On October 29th, 2015, while sitting in the San Francisco Airport waiting to take an early flight to Chicago to see the world premier of Gone Dark, I challenged myself to write a short story on my phone. Originally published as a Facebook status update, this little piece is based on a group of men sitting opposite me. It was the first short story I’d written in years but was later brilliantly recorded as a monologue by actor Paul Rodrigues, and could certainly also be done as a monologue, but I suggest you read it first and then watch the video as Paul’s choices are infinitely funnier when placed in the context of the original.
#vegasba by Stuart Eugene Bousel
In the airport, sitting across from six dudes on their way to Vegas.
They are straight out of central casting: the alpha, the kid, the guy who has told three stories already, all of which ended with, “and she was bouncing on my dick.” The smart one has just educated everybody about how hashtags work, the sensitive one has been two-fisting beers at 7 am and twice said he wishes “Sara was a gay man so they could just be friends.” The kid is getting drinking tips from the alpha, who keeps punctuating the loudmouth: “Shut up Chris.” Number six is the square and is seriously worried that if they hashtag the photos they post his boss will find out he’s going to Vega. Like that is a crime or something.
They are all wearing flip flops and two (the kid, the loudmouth) have sombreros. Alpha has a shell necklace, the smart one has a shark tooth around his neck. I have an overpriced omelette and tea. I am positive they know I am listening in on them.
The kid wants their hashtag to be vegasba. Because “ba” stands for “badass.” The smart one reminds him “ba” also stands for sheep.
“He can’t help being dumb bro, he’s like twenty-one.”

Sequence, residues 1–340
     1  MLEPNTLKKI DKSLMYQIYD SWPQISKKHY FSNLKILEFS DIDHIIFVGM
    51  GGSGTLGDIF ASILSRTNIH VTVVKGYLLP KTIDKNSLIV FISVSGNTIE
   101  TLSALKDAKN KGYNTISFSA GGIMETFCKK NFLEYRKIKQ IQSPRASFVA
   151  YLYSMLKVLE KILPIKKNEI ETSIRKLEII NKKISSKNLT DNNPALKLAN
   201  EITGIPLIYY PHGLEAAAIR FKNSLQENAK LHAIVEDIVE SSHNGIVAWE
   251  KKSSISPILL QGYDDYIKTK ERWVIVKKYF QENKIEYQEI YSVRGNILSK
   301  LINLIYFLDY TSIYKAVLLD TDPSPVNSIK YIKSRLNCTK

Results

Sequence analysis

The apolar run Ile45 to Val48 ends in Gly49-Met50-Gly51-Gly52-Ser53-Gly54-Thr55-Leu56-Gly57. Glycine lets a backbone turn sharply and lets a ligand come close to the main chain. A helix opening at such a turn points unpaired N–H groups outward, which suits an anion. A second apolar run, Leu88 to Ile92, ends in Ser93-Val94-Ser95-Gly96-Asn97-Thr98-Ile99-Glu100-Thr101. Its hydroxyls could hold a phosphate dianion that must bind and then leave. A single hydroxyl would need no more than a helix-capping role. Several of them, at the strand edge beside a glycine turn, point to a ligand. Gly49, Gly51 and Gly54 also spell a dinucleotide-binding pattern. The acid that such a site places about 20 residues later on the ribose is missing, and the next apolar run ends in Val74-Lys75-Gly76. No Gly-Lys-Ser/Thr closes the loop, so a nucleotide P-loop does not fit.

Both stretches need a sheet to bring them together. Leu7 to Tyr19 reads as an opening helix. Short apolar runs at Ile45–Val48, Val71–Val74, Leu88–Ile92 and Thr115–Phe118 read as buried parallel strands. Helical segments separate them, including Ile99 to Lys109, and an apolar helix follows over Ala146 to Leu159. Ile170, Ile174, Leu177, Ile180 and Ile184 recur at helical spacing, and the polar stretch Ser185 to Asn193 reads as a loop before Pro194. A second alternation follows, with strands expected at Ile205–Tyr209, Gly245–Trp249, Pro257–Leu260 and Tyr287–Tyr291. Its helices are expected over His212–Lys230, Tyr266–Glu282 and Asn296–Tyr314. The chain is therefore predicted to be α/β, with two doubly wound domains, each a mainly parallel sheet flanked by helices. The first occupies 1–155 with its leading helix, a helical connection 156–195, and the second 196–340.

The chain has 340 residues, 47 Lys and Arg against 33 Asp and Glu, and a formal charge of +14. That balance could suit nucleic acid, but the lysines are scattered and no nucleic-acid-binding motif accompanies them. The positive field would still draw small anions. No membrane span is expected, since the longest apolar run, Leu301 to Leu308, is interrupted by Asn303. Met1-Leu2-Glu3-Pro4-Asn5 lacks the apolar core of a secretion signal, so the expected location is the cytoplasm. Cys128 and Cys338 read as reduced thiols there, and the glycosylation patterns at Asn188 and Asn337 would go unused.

“Shut up Chris.”
Everyone else is maybe twenty-five.
If only Sara was here. If only she was a gay man so they could all just be friends.
A woman arrives at our gate. She takes one look at #vegasba and sits two seats away, opens a book. Not Sara.
Will Sara ever come?
Sensitive guy finishes his right hand beer and chucks it into a trash can. He still has most of left hand beer but announces he’s going to get another drink. The kid volunteers to buy everyone a round. He needs to be loved in a way that only someone like Sara, who breaks hearts with every word, would understand. The boys go get more beer, Shark Tooth yelling, “Todd, don’t fucking vomit on the plane again like last time.” Todd turns those sensitive hurt eyes on Shark Tooth and you can feel the love/hate. These men are not gay but they have absolutely fallen asleep together and Todd will one day name his son after Shark Tooth and Shark Tooth knows this but isn’t entirely okay with either the abyss of sadness that is Todd or his own uncanny ability to see the future (the alpha is The Alpha because he’s going to die first and Shark Tooth sees this too). The kid pulls Todd away, Shark Tooth shrugs it off, opens a book. What book?
The square wishes out loud that he had brought his laptop. He has so much to do. He wears a ring. Silver, so not a wedding ring.
“Dude you have no idea how to have fun.”
“Shut up Chris,” says Alpha, contemplating his own premature death, “Jake has a grown up job you loser.”
Chris laughs it off and tells Alpha to watch his bags while he goes to the restroom. To cry?
No one cares.
Is Jake the gay one? Do he and Alpha have the kind of love that Todd and the eternally complicated Sara can never have?
Another woman arrives and sits next to #notsara. They know each other. They take a selfie. They laugh at the selfie.
My tea is now cold. My tea is my armor. No omelette has ever been this terrible but I will not give up. This omelette is my Everest. It floats on the back of Moby Dick.
Alpha is Alpha and bites his thumbnail with disdain for everyone except maybe Shark Tooth and Jake, the rest he could care less about; most certainly Todd could fall off a cliff and not be missed.
What is Jakes’s job, I wonder, and why are his friends so down on it? Is he a mortician? I hope he’s a mortician. But that is certainly a grown up job. No, he’s a lifeguard. He’s very tan. Maybe he works at a tanning salon. He’s handsome. They are all handsome.
To be twenty five again.
I drink my cold tea. I shall finish this omelette. I will not have spent twelve dollars for nothing.
Shark Tooth is reading Gravity’s Rainbow. Jake stares off into the distance, then slow turns to stare at Alpha, who is biting the other thumbnail now. Two rings on that hand. Both silver.
The sun rises. A hush falls. The airport is about to explode with life. One of the women is sleeping, the other plays on her phone. Is she writing about them too?
Sara. Rescue us. Please.
The beer boys have not yet returned but Chris does. “Dude,” he announces to the world, “I just shat my weight in there.”
The omelette defeats me.